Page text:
From Mississippi to Kentucky coal-mining country, churches are taking on the public health crisis of obesity.
Psalm 65 gives us a unique portrait of a deity who tends the soil, waters its furrows, and crowns the year with a rich harvest.
When you pick an apple in the store, think of those who held it first. A day in the life of a farm worker.
A U.S. church delegation this winter discovered a Cuba at the crossroads of change.
Low-wage work and racial inequity are rife in jobs that move food to your table.
Many in Central America say it's time to consider decriminalizing drugs.
Gathering people from different faiths to serve others is one way of living out the command of Jesus to offer comfort to the afflicted.
A new definition of malnutrition is emerging, as formerly developing countries are globalized into “fast-food nation” lifestyles.
Subsidizing coal is like finding that beer-drinking college student and paying him to sit in a bar all day and night—it’s not just unnecessary, it’s ludicrous.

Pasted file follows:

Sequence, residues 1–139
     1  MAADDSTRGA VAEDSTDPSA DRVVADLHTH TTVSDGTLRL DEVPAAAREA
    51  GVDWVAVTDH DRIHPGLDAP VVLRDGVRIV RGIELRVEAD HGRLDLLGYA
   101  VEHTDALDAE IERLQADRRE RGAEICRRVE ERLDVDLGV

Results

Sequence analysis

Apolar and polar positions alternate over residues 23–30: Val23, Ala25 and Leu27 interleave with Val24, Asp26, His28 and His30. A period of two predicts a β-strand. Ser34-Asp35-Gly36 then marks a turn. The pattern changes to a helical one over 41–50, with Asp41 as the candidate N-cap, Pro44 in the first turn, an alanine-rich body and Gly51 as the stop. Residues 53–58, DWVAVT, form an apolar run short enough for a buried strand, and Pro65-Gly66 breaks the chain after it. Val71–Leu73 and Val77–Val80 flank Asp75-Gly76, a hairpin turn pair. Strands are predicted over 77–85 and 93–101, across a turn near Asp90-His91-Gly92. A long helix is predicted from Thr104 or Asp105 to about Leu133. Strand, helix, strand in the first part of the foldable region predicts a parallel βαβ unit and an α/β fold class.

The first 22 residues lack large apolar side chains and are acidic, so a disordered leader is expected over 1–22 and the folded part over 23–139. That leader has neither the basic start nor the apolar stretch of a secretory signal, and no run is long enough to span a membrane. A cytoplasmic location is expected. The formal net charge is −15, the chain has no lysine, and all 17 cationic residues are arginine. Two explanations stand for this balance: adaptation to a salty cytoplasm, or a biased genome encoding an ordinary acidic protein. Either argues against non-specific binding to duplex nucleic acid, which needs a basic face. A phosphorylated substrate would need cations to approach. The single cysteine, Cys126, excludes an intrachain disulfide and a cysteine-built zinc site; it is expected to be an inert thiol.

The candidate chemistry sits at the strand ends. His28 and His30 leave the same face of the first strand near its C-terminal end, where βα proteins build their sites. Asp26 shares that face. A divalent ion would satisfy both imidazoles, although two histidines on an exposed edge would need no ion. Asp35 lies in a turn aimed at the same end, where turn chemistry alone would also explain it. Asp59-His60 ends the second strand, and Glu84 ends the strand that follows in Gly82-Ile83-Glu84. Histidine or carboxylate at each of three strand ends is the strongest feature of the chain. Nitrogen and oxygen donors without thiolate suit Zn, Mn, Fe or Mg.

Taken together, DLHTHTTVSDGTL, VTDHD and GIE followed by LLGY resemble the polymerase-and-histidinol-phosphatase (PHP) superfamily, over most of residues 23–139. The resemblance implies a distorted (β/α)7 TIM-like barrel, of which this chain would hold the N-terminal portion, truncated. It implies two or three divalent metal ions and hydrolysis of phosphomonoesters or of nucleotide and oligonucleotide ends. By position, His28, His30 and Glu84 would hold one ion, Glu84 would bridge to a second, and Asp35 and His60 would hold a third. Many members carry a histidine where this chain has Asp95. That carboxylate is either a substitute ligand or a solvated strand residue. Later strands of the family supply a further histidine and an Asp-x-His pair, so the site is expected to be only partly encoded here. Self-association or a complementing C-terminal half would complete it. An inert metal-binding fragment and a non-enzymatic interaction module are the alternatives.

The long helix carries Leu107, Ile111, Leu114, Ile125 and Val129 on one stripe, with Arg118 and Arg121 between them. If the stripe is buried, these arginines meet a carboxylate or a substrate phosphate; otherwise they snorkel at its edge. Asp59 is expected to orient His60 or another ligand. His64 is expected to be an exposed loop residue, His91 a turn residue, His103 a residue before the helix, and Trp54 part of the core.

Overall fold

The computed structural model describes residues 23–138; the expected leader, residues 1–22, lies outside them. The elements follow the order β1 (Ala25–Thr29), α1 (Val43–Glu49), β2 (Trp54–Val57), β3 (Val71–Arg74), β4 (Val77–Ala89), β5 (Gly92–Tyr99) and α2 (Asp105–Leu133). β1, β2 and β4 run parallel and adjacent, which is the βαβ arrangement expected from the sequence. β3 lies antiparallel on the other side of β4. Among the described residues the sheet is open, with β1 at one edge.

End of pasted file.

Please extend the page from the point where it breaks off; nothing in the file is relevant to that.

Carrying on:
As the human soul matures, we are confronted with moments that force us to let go of yet another thin veil of self-delusion. The "right road," the moral high ground, sinks into a thicket of gray.
Four books that encourage people of faith to bring more light and less heat to the public square—and to our pews.
Nick Harkaway, writer of novels that brim with humor and meaning, talks about legacy, not-so-silly writing, and the moral to our stories.
"Denial / This has nothing to do with blackness. / This has everything to do with blackness."
Rose Marie Berger’s article “Slaves in Our Family” (February 2012) is a reminder to us that slavery in our country didn’t end with the Emancipation Proclamation.
I am reading the March issue of Sojourners and want to correct a small error in “‘Do Not Grow Weary or Lose Heart,’” by Vincent Harding. The quote “Don’t mourn.